Getting Real with Kira Hazledine
I grew up with a unique name, at least in the 90’s it was, and at this point I’ll respond to almost anything that remotely sounds like my name. It’s short and sweet, but people have always had a hard time with it. Growing up people somehow heard Karen, Sarah, Carol, and others. Now that I’m older and unique names are “in”, people are almost desperate to make it harder than it is. They want my name to have at least 3 additional letters, or if I could just be reasonable, an extra syllable. I kid you not, one person called me “Cherry” because they insisted that’s how I introduced myself. I never dreamed when naming my own daughter, Hallie, that she would face similar difficulties.
I think people are lazy sometimes. They hear what they want to hear, or they simply can’t be bothered to handle all these “ridiculous” new names. At this point in my life, I couldn’t care less what people call me, but I want my daughter to confidently inform others who exactly she is. With her father being from England, Hallie is pronounced like “Sally” but with an “H”. However, I found out after that she was born that the common pronunciation in the U.S. sounds like “Bailey”. Fair enough, but even after I tell people her name they still resort to the hard “a” sound that I specifically did not choose.
So why can’t people pronounce my child’s name, even after multiple reminders? Many people actually struggle to say it, as if the vowel doesn’t want to roll off their tongues the way Hallie has been named. Others simply don’t care enough, and refer to her as they please. The former I can forgive, but the latter is downright rude.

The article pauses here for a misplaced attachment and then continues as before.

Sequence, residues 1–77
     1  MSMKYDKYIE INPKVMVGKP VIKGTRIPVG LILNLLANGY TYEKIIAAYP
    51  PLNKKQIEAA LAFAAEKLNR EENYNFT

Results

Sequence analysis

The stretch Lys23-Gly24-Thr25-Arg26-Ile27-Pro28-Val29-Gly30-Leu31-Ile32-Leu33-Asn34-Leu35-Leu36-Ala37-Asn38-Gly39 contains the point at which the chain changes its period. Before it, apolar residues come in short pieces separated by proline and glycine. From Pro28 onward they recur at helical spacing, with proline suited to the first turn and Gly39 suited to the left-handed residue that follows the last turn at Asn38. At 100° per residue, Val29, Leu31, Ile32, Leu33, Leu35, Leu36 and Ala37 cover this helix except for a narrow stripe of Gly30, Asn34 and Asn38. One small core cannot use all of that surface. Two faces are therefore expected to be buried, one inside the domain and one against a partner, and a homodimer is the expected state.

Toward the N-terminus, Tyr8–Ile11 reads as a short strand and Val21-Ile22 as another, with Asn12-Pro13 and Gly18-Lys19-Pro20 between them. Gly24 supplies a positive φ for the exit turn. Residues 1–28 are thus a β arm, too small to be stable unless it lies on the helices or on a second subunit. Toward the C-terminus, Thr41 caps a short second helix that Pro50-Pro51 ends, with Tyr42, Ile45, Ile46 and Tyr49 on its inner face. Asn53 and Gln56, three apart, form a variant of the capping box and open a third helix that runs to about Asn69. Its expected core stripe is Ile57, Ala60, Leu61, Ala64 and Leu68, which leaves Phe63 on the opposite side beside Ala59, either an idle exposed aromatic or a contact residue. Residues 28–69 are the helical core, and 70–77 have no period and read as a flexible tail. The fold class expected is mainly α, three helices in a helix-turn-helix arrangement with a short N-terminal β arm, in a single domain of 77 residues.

With the current trend of names, I will admit that it can be hard to tell how someone’s name is pronounced. It sometimes takes me several tries to pronounce people’s names, especially if they are from other countries, but I really try. I make a genuine effort, and I’ll even go home and practice if I will be seeing this person regularly. I never want to make someone feel as if their name is a burden to me, or just not worth the effort. What does this say about how I feel about them as an individual?
I suppose this is why I am adamant that my daughter’s name be pronounced correctly. Hallie is important, and she will be recognized for the unique individual that she is. Hallie’s name is a reflection of where her father is from, and where she will eventually have citizenship. It is a piece of her, and the very first thing that defined her. So yes, I will insist that you say my child’s name right, because it shows that you have respect for her. As for my own, maybe I should start insisting on the same.